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Sign Offs

Don Jackson

Don Jackson, on July 12 of cancer. Jackson was a longtime broadcaster and host of syndicated evening radio show “Lovers and Other Strangers” which aired across Canada and later in the U.S. Of her late colleague, Erin Davis told Broadcast Dialogue “He was a longtime staple of CHFI’s lineup, gracing the evening airwaves with a combination of poetry, wisdom and song, all woven together with a deft and artistic touch that I think has been unparalleled since.” Jackson’s most recent project involved producing inspirational webcasts under the “Heartbeat of the Internet” banner.

Michael McCabe, 82, on June 27 in Hanoi, Vietnam. McCabe started his political career as an executive assistant to former Liberal Finance Min. Mitchell Sharp, running his unsuccessful 1968 leadership campaign. He went on to hold many senior government positions, including Assistant Deputy Minister of Consumer and Corporate Affairs; Chairman of Policy Research for Canada Mortgage and Housing Corporation; and Executive Director of the Canadian Film Development Corporation (which became Telefilm Canada). He was appointed President and CEO of the Canadian Association of Broadcasters (CAB) in 1988 serving as a powerful voice for the industry and championing numerous initiatives, including the Canadian Broadcast Standards Council (CBSC), the Radio Starmaker Fund and Fonds RadioStar, and Canadian Women in Communications, among others. Upon his retirement in 2001, he was inducted into the Canadian Broadcast Hall of Fame. He concluded his career as resident director of the CIDA-funded Policy Implementation Assistance Project in Hanoi, as an advisor to both the Office of the Prime Minister and senior committees of the National Assembly of Vietnam. Read Broadcast Dialogue Publisher Emeritus Howard Christensen’s tribute to McCabe, here.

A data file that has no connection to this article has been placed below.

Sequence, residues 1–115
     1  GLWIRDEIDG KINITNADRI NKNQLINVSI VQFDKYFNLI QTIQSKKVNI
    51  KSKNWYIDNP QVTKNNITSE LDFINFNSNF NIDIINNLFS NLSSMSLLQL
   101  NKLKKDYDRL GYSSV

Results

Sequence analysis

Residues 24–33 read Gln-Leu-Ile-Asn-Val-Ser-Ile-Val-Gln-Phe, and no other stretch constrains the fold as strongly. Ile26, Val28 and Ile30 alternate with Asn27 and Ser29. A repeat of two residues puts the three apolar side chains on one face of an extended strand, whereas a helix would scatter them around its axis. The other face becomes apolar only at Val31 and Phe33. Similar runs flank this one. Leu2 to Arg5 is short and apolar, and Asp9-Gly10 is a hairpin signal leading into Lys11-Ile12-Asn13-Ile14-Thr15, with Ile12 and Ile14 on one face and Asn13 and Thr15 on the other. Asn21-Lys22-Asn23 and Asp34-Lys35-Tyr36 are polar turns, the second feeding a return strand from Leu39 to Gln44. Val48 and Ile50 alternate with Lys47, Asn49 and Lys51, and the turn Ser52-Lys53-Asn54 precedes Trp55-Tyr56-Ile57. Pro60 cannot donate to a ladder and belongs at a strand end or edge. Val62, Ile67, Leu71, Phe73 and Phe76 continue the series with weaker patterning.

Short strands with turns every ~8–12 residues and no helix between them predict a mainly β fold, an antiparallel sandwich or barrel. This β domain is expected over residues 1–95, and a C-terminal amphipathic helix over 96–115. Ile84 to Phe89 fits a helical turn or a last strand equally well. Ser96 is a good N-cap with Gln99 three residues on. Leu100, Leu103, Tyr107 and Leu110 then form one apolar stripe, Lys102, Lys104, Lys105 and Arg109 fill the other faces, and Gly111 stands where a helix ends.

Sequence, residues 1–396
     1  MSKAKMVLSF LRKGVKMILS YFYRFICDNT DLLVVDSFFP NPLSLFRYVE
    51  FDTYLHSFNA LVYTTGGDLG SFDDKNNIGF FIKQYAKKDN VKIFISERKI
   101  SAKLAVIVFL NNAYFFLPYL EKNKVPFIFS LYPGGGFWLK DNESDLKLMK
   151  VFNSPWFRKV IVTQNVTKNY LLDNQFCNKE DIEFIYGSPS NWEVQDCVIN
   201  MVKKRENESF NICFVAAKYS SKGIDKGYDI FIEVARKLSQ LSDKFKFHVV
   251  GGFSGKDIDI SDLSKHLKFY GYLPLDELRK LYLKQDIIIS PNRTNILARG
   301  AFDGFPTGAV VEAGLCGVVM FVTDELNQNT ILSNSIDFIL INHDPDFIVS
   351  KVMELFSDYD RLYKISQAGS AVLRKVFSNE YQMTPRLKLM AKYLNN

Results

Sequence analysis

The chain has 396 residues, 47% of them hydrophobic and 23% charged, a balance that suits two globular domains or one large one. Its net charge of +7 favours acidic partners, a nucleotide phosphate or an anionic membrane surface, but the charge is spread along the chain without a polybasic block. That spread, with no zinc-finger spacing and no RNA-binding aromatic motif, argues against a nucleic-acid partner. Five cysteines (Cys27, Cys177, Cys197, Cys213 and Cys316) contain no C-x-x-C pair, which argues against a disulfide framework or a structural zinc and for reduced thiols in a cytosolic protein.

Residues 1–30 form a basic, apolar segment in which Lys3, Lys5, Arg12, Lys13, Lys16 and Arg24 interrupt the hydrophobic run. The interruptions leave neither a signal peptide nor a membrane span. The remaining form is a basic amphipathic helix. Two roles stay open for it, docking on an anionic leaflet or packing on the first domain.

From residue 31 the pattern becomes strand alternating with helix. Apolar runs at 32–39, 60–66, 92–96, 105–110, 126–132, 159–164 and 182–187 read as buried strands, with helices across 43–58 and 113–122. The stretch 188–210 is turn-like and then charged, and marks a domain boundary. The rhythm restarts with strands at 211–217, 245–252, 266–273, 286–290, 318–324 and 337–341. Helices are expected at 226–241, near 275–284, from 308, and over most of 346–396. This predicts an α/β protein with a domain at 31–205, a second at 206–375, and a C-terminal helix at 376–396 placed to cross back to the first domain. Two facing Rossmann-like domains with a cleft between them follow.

Larry Stout

Lawrence “Larry” Stout, 81, on June 27, following a battle with Alzheimer’s. Stout’s career in journalism started at CKOC Hamilton in 1960. He moved on to CKEY Toronto the following year, and then the Toronto Star, going on to work for CBC in 1964. Among the world events he covered for the public broadcaster were the 1973 Chilean coup, civil wars in Nicaragua, El Salvador, and Lebanon, among other conflicts, and Prince Charles wedding to Lady Diana Spencer. He also hosted CBC’s coverage of Pope John Paul II’s 1984 Papal Tour of Canada. After a brief foray into public relations, Larry joined CTV in 1989 as Toronto Bureau Chief and senior writer, also contributing to radio, CTV News and CTV Newsnet. He retired in 2005.

Gerri Barrer

Gerri Barrer, 73, on June 23. Barrer was CBC Montreal’s longtime health reporter and a mainstay on the station for nearly three decades, starting in 1981. She retired in 2009. Watch one of Barrer’s 1991 reports, exploring Montreal’s Metro, here.

Garth Dawley

Garth Dawley, 86, on June 1 of ALS. Dawley was best known as the longtime anchor of CBC Winnipeg’s “24 Hours” supper hour newscast from 1970 to 1983. He started his career at CKX-AM Brandon in 1952, ascending to the role of news director and later joining CKX-TV when it launched in 1955. He moved to CKCK-TV Regina in 1957. Dawley joined CBC Winnipeg in 1966. In 1988, he took a leave from the public broadcaster to run as the PC candidate in Winnipeg South Centre. Unsuccessful in his attempt to enter politics, he returned to the CBC until the Mulroney government appointed him to the CRTC in the early 1990s as the first regional commissioner for Manitoba and Saskatchewan. He retired in 1998.

Broadcast Dialogue
Broadcast Dialogue
Broadcast Dialogue is Canada’s broadcast industry publication of record. The Weekly Briefing from Broadcast Dialogue is distributed by controlled circulation every Thursday. Broadcast Dialogue content may not be reproduced in whole or in part without written consent of the publisher. To report a typo or error please email -

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